An easy guide to serving fruits of passion
This recipe comes to us from The Oaks at Ojai spa in Ojai, California. The Oaks is noted for incorporating healthy, local, seasonal ingredients into its menus. Here their health-conscious culinary team take the essence of summer and transform it into a succulent dessert. They do it not with the addition of extra ingredients but through the magic of grilling. Grilled summer fruit is one of our favorite joys of the year’s hottest months. We love how the simple act of grilling pulls out the fleshy succulence and an almost creamy quality from stone fruits. Here, The Oaks chef explains the technique in such a way that will have even the most inexperienced home cook serving up platters of sensual, grilled fruits worthy of a night of passion.
Although this makes the perfect happy ending to a meal, at the Oaks it is also used as an accompaniment to grilled fish and chicken dishes. And on days when a more decadent dessert is called for, they fill the center of the fruits with sorbet or ice cream instead of cheese.
- 2-3 lbs slightly underripe yellow or white peaches nectarines or apricots*
- olive oil or your favorite nut oil such as walnut or almond oil, for brushing
- balsamic vinegar for brushing
- 2 oz chevre or blue cheese
- 1 tbsp roasted walnut slivers or sunflower seeds for garnish optional
- Cut each fruit in half; brush each surface with olive oil (using a little nut oil such as walnut oil gives it even more complexity of flavors). Then brush with a little balsamic vinegar.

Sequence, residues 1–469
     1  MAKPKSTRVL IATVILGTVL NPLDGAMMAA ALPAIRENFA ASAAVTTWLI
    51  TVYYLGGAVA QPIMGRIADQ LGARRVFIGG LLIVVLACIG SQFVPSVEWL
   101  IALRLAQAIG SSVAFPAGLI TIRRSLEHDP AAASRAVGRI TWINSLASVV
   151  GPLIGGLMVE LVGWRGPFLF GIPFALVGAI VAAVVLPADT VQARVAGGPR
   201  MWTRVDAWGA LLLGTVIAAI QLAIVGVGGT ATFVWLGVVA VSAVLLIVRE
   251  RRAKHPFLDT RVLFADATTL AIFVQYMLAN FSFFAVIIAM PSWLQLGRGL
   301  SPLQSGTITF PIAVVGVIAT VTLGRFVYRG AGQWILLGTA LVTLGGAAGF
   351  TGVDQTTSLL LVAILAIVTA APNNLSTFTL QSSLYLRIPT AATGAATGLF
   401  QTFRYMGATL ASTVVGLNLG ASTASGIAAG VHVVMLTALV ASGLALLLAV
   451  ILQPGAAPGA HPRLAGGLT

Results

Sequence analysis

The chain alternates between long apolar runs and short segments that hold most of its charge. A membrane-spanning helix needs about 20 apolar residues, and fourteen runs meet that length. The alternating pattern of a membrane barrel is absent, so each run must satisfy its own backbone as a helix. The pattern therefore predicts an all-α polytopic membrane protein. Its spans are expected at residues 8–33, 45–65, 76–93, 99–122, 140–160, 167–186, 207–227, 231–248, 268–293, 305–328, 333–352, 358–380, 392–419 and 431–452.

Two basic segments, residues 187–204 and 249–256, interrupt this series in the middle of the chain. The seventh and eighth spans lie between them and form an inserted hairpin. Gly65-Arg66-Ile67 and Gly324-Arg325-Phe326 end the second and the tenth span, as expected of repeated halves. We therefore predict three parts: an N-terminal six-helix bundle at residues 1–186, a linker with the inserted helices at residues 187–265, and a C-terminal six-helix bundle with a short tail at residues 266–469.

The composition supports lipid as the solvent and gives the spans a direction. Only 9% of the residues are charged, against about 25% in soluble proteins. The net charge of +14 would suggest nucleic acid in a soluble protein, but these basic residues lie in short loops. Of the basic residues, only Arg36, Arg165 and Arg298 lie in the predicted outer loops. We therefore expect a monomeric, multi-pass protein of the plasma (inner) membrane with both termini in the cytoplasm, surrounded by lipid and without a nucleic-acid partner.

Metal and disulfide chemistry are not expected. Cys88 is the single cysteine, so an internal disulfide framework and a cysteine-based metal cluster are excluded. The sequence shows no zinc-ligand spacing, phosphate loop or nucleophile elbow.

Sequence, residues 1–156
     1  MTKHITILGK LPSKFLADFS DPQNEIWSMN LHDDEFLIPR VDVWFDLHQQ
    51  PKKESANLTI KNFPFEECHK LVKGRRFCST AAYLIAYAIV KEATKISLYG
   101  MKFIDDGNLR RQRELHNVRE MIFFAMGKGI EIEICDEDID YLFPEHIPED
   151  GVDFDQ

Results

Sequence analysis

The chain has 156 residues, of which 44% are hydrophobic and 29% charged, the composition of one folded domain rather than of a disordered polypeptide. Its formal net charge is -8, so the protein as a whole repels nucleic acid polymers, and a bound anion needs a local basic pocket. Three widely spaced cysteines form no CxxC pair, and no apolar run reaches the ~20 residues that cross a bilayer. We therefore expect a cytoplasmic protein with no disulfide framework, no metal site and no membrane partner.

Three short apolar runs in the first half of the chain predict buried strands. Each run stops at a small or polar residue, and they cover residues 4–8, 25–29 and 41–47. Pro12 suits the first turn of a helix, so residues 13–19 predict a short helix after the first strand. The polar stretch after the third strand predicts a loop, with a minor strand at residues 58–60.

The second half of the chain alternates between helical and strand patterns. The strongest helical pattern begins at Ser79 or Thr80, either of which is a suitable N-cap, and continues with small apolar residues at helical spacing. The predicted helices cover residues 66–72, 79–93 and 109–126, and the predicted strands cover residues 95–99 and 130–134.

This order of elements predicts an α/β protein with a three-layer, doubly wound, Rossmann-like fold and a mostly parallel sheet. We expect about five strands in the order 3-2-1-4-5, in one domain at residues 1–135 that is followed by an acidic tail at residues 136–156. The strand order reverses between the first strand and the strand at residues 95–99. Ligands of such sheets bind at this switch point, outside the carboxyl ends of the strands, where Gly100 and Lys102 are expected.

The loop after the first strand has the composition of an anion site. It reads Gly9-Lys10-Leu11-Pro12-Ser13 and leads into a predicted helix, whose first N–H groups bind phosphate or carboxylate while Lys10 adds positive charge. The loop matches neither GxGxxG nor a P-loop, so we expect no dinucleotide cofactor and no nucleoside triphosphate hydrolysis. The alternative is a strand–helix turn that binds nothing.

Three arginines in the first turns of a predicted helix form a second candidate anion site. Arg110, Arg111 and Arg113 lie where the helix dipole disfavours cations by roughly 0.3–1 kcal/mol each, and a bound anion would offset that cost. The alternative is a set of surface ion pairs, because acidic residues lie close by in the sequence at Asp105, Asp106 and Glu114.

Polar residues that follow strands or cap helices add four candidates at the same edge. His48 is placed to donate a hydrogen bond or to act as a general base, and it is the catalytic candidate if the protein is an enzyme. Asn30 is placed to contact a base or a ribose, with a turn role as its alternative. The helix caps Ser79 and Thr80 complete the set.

- Place cut side down on a heated grill or barbeque. You can broil these as well, but then you have to have your oven on when it’s already hot everywhere!
- Grill for 2 minutes before turning. When you turn the fruit over, place a leaf of mint or basil or rosemary in the hollow of the fruit. Grill for an additional 1-2 minutes
- Remove from grill—place a dollop of goat cheese, bleu cheese or feta in the hollow as well. Garnish with toasted sliced almonds or sunflower seeds.
If you wish to pipe a filling into the fruit for a more finished look, consider mixing ¼ cup low fat cream cheese with one of the above, adding chopped herbs and putting the mixture in pastry bag fitted with a decorative tip. You can then dust with nuts. It goes without saying that this grilled fruit, done simply with olive oil and mint makes a wonderful receptacle for a sorbet or ice cream finish to a meal. Mixing one tablespoon of maple syrup to ¼ c. olive oil is especially tasty to brush the fruit with if you are using for dessert. *This particular treatment of fruit is best done with slightly under ripe or barely ripe fruit. Cut each fruit in half; brush each surface with olive oil (using a little nut oil such as walnut oil gives it even more complexity of flavors) and a little balsamic vinegar.
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